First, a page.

LSU Digital Program to Begin
LSU students will be able to minor in digital media beginning with the fall semester, the result of a two-year effort by the university to prepare students for careers in emerging fields such as animation, video games, electronic music and digital art.
LSU approved the Arts, Visualization, Advanced Technologies and Research Initiative in spring 2008 as one of its multidisciplinary hiring initiatives, bringing together faculty, researchers and professionals to create a concentrated academic research program in digital media.
Stephen David Beck, a professor in the LSU School of Music and leader of the AVATAR Initiative, said a week hasn’t gone by over the years the group has been working on the initiative that a student hasn’t asked if there was a gaming curriculum at the school. Also, he said, the game design class LSU has been doing with the University of Illinois at Chicago for two years and a beginning computer music course have always filled up.
“I have absolutely no doubt that this will be a very popular program,” he said.
With the exception of the capstone course at the end of the program, the classes that make up the minor are all already taught across five or six departments, including digital arts, computer programming and engineering, digital signal processing and screenwriting. The initiative even resurrected a few computer graphics courses that haven’t been taught in a while.
Beck said the curriculum will be valuable to the economy and make LSU more competitive as well, with digital media becoming more and more a part of business activity in general. He noted it is one of the top sectors pegged for development in the state’s “blue ocean” economic development strategy of targeting industries with greater potential.
Also important, he said, is that when he and others involved in the effort interviewed people in the gaming industry, they said one of the most important things is finding people who can work together with other people.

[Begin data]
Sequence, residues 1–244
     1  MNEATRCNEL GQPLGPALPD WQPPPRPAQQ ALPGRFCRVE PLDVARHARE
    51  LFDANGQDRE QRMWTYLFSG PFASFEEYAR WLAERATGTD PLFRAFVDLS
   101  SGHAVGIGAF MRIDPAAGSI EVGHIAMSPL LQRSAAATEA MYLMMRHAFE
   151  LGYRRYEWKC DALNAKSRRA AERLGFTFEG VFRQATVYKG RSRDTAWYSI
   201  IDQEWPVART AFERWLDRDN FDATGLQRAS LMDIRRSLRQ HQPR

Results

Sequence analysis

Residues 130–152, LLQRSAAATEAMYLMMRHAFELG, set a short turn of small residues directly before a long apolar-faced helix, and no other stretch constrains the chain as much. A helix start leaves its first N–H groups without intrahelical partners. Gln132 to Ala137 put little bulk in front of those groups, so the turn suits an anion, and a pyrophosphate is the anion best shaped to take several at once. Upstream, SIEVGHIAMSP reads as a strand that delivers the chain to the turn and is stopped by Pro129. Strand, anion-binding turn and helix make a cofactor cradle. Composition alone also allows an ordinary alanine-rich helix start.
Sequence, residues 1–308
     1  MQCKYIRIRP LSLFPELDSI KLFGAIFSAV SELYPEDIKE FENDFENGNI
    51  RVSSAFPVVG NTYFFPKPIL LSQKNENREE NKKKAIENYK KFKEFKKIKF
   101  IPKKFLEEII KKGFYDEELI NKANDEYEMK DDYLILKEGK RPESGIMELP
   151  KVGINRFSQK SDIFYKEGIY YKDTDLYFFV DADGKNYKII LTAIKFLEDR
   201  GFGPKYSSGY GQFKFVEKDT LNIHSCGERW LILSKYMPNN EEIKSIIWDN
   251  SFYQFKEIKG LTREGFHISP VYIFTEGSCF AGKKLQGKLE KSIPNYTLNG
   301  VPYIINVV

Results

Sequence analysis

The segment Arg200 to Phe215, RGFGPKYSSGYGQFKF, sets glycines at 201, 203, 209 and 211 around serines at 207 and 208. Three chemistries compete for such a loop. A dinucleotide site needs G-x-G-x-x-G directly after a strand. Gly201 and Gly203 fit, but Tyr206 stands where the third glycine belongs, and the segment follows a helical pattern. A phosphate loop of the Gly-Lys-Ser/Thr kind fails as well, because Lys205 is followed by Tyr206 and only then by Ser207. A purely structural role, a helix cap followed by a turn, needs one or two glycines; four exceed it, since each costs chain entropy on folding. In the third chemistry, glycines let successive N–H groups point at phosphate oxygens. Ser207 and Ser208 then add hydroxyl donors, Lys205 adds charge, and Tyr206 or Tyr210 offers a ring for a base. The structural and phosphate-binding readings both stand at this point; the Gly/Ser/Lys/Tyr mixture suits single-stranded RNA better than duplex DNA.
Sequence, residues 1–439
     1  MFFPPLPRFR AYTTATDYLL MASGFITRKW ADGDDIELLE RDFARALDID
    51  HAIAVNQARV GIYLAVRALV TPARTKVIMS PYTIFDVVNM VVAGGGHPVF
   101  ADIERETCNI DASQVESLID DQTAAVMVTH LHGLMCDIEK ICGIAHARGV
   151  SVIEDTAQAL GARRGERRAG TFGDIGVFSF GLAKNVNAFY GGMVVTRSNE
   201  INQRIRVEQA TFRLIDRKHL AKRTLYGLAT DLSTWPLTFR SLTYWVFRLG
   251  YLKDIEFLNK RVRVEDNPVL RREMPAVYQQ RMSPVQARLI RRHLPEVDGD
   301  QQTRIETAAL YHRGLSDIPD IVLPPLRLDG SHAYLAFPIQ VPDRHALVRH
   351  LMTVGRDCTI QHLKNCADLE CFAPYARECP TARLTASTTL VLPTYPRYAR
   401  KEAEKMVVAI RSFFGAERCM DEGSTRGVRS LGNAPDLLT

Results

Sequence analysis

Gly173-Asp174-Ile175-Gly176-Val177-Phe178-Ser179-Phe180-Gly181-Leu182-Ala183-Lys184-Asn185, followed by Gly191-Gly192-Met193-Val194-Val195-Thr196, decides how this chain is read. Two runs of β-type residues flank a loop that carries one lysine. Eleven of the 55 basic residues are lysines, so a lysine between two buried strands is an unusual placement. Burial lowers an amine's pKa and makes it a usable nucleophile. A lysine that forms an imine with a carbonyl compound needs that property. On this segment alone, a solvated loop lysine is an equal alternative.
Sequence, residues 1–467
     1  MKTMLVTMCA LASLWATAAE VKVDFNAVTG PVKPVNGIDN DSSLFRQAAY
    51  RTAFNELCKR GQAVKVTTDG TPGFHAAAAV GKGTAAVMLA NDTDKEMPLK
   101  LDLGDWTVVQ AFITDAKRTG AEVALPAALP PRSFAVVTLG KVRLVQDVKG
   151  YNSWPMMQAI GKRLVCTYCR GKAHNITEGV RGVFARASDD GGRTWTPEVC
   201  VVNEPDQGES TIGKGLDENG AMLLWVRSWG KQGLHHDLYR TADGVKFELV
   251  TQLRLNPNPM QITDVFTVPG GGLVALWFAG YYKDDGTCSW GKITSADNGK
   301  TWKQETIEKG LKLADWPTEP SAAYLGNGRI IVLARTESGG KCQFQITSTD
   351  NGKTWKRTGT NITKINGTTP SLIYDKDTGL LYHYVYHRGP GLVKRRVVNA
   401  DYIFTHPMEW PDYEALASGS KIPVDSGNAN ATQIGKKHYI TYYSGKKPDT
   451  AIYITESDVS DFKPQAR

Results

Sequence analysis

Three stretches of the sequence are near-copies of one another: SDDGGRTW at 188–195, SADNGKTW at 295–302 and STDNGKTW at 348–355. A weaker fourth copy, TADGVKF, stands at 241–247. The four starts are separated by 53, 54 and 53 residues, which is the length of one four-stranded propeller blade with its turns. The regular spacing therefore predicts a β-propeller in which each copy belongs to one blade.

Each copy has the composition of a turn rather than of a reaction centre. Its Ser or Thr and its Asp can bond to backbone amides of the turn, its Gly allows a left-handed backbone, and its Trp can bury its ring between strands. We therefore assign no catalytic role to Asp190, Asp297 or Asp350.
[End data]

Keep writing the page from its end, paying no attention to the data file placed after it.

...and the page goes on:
“Digital media is all about the interdisciplinary approach to solving problems,” he said, noting the classes often have computer science students, musicians, artists and computer engineers, for example, all working together on a project.
He said that while the goal is to have students join the industry, preferably at a company in-state, much of what they learn has benefits beyond the confines of the gaming world.
Students can enroll in the minor through one of two thematic tracks: an arts oriented track through the College of Art & Design or a technology-oriented track through the College of Engineering. Courses from computer science, electrical and computer engineering, music, art, English and mass communication are part of the curriculum, along with a new capstone course, where students from both tracks will work collaboratively on group projects.
Information about the program and a list of required courses are at http://avatar.lsu.edu. Students who are interested in obtaining the digital media minor should contact AVATAR Initiative Coordinator Lea Anne Couvillion at (225) 578-5433 or email@example.com to arrange a meeting.
To officially kick off the minor, AVATAR Initiative will host a series of lectures in the spring and fall semesters, the first taking place March 25 featuring Daryl Holt, the chief operating officer of EA Sports Tiburon Studios in Orlando, Fla.
Holt will discuss his own career path in the video game industry, and will advise students on what they need to learn if they want to pursue jobs as game developers or designers.
By CHAD CALDER